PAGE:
U.N. Debate on Cloning Ends With no Vote

Last week’s U.N. debate on the prohibition of human cloning ended without a decision.

The debate took place within the context of the juridical committee of the U.N. General Assembly, which was created to elaborate an international convention on the subject.

Although all countries agreed on the prohibition of human cloning for reproductive purposes, the possibility of creating human embryos for medical experimentation caused divisions.

Costa Rica presented a resolution, supported by 64 countries including the Holy See, for a total ban on human cloning as it implies the elimination of human embryos.

Belgium presented an alternative resolution which seeks the approval of what is called therapeutic cloning. The resolution was supported by Great Britain, Spain, France, Japan and 18 others, as well as the U.N. Secretary-General Kofi Annan.

The debate became particularly intense at the height of the U.S. electoral campaign as George Bush supports the first proposal for prohibition, while John Kerry supports the second.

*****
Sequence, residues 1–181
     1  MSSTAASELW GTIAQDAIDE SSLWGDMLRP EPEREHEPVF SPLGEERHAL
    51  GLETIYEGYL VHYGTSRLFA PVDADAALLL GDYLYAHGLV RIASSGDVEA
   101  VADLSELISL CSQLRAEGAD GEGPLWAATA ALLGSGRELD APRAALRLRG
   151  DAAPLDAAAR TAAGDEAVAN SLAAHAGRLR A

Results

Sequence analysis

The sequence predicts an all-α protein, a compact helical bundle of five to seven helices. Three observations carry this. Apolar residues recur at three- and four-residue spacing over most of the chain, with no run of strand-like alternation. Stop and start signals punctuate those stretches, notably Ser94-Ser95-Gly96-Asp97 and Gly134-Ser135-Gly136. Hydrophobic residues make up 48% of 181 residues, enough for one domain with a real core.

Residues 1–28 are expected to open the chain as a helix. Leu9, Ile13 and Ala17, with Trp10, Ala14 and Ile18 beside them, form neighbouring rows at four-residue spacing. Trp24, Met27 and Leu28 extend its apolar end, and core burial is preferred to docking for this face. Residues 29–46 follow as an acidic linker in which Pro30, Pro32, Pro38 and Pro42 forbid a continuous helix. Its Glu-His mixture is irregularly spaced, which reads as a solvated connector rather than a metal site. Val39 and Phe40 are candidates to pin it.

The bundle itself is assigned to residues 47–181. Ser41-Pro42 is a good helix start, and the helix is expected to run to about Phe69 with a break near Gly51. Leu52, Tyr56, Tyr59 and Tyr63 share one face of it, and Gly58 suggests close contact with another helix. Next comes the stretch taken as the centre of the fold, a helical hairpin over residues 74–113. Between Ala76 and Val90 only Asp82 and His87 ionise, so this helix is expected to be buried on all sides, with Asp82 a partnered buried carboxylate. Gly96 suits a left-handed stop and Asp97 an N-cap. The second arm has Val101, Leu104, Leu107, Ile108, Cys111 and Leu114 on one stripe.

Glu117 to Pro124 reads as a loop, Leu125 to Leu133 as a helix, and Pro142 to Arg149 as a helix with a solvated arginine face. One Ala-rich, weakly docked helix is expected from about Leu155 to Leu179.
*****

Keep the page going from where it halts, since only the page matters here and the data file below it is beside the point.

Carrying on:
Diplomatic sources reported that the discussion on the convention for worldwide prohibition of cloning will be taken up again after the Nov. 2 U.S. elections.

Archbishop Celestino Migliore, who participated in the debate as permanent observer of the Holy See to the United Nations, explained that the Holy See’s opposition to all human cloning has a profound ethical reason. "A human life cannot be used to save another and, moreover, in this case a great quantity of embryos would be used."

In statements on Saturday on Vatican Radio, the Archbishop added the Holy See supports this "no" with another "yes" to the "use of adult stem cells for therapeutic" purposes, as it does not imply the death of human beings in an incipient state of life